Recent data released by the International Renewable Energy Agency (IRENA) puts Africa in third place with 8.4% growth in renewables capacity, which is largely made up of wind power.
According to the South African Wind Energy Association (SAWEA), South Africa is spearheading this sector forward, contributing to greater social and economic growth.
SAWEA Chair, Mercia Grimbeek, explains that the Renewable Energy Independent Power Producer Procurement Programme (REI4P) “continues to be the most exciting wind energy opportunity globally. Many countries are looking to learn from SA’s experience and leapfrog to the next development level. It is the innovative technology that the African power sector needs”.
Also commenting, Janek Winand, managing director of Siemens Gamesa Renewable Energy in South Africa, who will be speaking at this year’s Windaba conference, noted: “With the promising development of the Integrated Resource Plan [IRP] potentially leading to continuous smooth procurement, coupled with the potential capacity to expand and build a supply chain locally, South Africa is poised to serve the sub-Sahara region. Furthermore, South Africa has become a centre of competence for project development and is geared to spread beyond borders.”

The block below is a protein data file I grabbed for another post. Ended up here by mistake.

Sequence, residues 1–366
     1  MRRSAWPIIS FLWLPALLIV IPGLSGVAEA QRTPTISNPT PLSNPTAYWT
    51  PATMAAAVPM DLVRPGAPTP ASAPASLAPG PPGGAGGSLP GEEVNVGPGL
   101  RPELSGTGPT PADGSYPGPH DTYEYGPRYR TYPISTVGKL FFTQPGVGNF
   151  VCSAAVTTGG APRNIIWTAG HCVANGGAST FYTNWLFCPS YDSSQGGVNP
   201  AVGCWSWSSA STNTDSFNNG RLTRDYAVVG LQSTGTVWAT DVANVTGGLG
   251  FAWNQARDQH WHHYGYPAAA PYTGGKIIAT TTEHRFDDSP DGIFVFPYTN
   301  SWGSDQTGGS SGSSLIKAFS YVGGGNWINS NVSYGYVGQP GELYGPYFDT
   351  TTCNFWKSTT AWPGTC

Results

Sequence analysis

SAWEA added that it is anticipated that the next competitive auction for renewable energy in South Africa will be announced by the second half of 2019, following a positive start to the year, which saw government renewing its commitment to growing this sector as part of the country’s sustainable energy mix. Read more: Decentralised renewable energy producers can help relieve pressure on the grid
“2019 has kicked off on a positive note for the renewable energy industry but, although the future of wind energy looks bright, there is much that the industry collectively still needs to achieve to consolidate its position and deliver on the many benefits it promises economically, socially and environmentally. We believe that it is within our grasp to secure the generation of affordable, sustainable and reliable power in Africa,” concluded Grimbeek.